After of stalemate, the NHL today released a proposal that might just begin moving the negotiations forward. Key features in the proposal include a shift to 50/50 split on Hockey Related Revenues (HRR), and the removal of an immediate roll-back in favor of deferred payments.
The move caught the NHLPA somewhat off-guard, and NHLPA Executive Director Donald Fehr remained reserved in his response as he sought more time to review the proposal. The timing, along with a November 2nd deadline for season opener, to enable an 82 game season were no doubt planned tactics by the NHL in the effort to strike a favorable deal.
By moving to a 50/50 split, the NHLPA would in effect give up around eight percent of the revenue stream, or around $264M of last year’s HRR. The move would likely cost the players somewhere around $1.3-$1.8B over the lifetime of a six year proposal, but is more likely to impact the highest earners (depending on other clauses such as the cap on individual contracts and contract length).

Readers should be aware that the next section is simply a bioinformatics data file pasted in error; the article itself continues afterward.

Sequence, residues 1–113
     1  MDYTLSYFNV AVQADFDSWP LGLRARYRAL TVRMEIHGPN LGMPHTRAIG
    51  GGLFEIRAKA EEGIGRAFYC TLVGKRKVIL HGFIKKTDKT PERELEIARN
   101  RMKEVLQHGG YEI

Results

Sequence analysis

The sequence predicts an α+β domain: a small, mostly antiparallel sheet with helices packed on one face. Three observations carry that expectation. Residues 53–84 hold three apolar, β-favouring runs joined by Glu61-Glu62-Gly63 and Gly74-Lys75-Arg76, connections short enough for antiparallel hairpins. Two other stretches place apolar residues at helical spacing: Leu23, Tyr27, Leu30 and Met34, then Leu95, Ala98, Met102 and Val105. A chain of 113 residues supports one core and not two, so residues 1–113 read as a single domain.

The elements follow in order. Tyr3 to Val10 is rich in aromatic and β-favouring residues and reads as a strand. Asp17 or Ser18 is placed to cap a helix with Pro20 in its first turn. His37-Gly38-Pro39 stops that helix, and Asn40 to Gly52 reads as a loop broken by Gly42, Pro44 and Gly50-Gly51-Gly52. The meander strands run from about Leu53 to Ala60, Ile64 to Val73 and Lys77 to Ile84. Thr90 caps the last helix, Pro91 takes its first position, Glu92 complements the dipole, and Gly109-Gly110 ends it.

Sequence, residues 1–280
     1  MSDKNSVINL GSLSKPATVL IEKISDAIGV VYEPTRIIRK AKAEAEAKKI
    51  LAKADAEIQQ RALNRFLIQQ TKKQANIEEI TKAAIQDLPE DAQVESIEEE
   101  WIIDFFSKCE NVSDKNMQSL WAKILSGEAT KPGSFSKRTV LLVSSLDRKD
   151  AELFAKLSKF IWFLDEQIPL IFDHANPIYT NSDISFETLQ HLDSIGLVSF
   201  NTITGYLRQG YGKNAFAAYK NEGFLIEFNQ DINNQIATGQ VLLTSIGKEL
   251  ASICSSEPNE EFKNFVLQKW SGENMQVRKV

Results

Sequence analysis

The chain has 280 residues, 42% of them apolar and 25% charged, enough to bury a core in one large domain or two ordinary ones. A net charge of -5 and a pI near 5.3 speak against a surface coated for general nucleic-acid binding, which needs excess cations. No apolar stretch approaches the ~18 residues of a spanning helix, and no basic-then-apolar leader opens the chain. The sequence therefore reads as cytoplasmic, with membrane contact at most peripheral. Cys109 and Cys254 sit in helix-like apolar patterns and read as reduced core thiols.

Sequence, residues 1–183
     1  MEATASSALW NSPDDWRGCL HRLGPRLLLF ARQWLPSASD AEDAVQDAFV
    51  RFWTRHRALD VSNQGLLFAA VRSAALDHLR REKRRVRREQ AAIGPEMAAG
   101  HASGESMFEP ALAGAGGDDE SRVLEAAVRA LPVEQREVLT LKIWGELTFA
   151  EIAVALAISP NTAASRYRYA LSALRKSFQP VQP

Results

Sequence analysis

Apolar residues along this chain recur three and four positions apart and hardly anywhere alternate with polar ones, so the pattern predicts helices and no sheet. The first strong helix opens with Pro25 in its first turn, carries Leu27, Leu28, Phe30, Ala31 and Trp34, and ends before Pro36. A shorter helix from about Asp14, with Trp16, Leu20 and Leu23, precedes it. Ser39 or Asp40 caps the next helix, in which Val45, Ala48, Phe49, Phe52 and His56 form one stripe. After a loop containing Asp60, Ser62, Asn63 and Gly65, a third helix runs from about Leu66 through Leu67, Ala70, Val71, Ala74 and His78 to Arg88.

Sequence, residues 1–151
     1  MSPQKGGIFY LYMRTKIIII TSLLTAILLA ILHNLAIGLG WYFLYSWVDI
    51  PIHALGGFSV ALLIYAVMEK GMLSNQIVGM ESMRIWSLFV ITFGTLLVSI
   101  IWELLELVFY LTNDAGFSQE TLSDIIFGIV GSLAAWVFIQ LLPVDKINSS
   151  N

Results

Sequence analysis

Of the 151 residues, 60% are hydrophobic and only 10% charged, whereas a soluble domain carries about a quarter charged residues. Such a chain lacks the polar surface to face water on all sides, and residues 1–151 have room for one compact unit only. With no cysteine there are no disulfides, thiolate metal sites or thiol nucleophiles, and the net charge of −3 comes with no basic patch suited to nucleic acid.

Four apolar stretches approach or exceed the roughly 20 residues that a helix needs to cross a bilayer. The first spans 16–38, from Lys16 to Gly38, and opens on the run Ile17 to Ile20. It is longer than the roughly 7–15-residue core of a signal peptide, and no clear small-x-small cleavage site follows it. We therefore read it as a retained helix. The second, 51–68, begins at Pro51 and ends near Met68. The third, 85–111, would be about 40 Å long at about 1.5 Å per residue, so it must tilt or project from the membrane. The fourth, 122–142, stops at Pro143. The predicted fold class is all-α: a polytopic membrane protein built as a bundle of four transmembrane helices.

In place of an immediate roll-back, the NHL is now proposing to escrow the balance, and pay back the players over time. This would allow the current contracts to be honored, albeit with delayed payments of between 8-12 percent per annum.
- Limit of 5 year maximum contract length
- Free agency would be at age 28/8 years of service (current 27/7)
- Revenue sharing between teams would be limited to $200M
- 82 game schedule dependent on November 2nd season opener
- Agreement would have to come around October 25th
- It had been 34 days since a proposal had been made
- Final offer was fine tuned over the weekend, but has been in works for several days
- NHLPA to meet at 5pm Eastern to review
- Compressed schedule would see existing schedule used, add around one game per five weeks and some at end of year
- NHL Players in AHL would have their salaries count against cap
- Offer is for “at least six years”